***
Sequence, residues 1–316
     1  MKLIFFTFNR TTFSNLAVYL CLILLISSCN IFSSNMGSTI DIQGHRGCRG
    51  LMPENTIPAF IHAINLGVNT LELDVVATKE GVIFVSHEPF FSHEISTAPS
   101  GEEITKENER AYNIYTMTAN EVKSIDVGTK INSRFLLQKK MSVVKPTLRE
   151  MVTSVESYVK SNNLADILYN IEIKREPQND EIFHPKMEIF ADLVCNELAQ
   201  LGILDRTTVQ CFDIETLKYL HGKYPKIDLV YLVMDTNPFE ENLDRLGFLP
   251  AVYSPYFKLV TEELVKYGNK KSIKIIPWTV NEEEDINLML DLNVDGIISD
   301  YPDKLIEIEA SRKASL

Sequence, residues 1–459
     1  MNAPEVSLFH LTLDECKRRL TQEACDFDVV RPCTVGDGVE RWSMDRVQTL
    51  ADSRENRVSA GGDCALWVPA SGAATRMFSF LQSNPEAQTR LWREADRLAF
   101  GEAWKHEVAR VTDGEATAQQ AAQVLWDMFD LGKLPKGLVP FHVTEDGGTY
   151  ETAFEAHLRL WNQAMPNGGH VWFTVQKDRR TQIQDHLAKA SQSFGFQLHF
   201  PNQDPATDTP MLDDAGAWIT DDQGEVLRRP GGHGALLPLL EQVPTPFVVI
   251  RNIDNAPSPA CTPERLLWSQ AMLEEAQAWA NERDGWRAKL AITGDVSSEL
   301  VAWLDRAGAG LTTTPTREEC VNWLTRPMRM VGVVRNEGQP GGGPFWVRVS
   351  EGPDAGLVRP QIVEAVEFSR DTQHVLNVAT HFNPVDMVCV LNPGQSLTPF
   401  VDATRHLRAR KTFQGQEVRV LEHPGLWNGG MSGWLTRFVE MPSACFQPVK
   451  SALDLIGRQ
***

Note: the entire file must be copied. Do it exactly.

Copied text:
Sequence, residues 1–316
     1  MKLIFFTFNR TTFSNLAVYL CLILLISSCN IFSSNMGSTI DIQGHRGCRG
    51  LMPENTIPAF IHAINLGVNT LELDVVATKE GVIFVSHEPF FSHEISTAPS
   101  GEEITKENER AYNIYTMTAN EVKSIDVGTK INSRFLLQKK MSVVKPTLRE
   151  MVTSVESYVK SNNLADILYN IEIKREPQND EIFHPKMEIF ADLVCNELAQ
   201  LGILDRTTVQ CFDIETLKYL HGKYPKIDLV YLVMDTNPFE ENLDRLGFLP
   251  AVYSPYFKLV TEELVKYGNK KSIKIIPWTV NEEEDINLML DLNVDGIISD
   301  YPDKLIEIEA SRKASL

Sequence, residues 1–459
     1  MNAPEVSLFH LTLDECKRRL TQEACDFDVV RPCTVGDGVE RWSMDRVQTL
    51  ADSRENRVSA GGDCALWVPA SGAATRMFSF LQSNPEAQTR LWREADRLAF
   101  GEAWKHEVAR VTDGEATAQQ AAQVLWDMFD LGKLPKGLVP FHVTEDGGTY
   151  ETAFEAHLRL WNQAMPNGGH VWFTVQKDRR TQIQDHLAKA SQSFGFQLHF
   201  PNQDPATDTP MLDDAGAWIT DDQGEVLRRP GGHGALLPLL EQVPTPFVVI
   251  RNIDNAPSPA CTPERLLWSQ AMLEEAQAWA NERDGWRAKL AITGDVSSEL
   301  VAWLDRAGAG LTTTPTREEC VNWLTRPMRM VGVVRNEGQP GGGPFWVRVS
   351  EGPDAGLVRP QIVEAVEFSR DTQHVLNVAT HFNPVDMVCV LNPGQSLTPF
   401  VDATRHLRAR KTFQGQEVRV LEHPGLWNGG MSGWLTRFVE MPSACFQPVK
   451  SALDLIGRQ